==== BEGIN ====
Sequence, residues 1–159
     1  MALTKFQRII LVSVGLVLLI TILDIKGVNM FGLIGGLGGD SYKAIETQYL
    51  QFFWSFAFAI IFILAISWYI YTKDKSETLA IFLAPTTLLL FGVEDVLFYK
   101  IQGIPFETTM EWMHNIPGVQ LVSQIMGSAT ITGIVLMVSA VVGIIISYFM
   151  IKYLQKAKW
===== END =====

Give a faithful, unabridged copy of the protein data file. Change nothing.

Sequence, residues 1–159
     1  MALTKFQRII LVSVGLVLLI TILDIKGVNM FGLIGGLGGD SYKAIETQYL
    51  QFFWSFAFAI IFILAISWYI YTKDKSETLA IFLAPTTLLL FGVEDVLFYK
   101  IQGIPFETTM EWMHNIPGVQ LVSQIMGSAT ITGIVLMVSA VVGIIISYFM
   151  IKYLQKAKW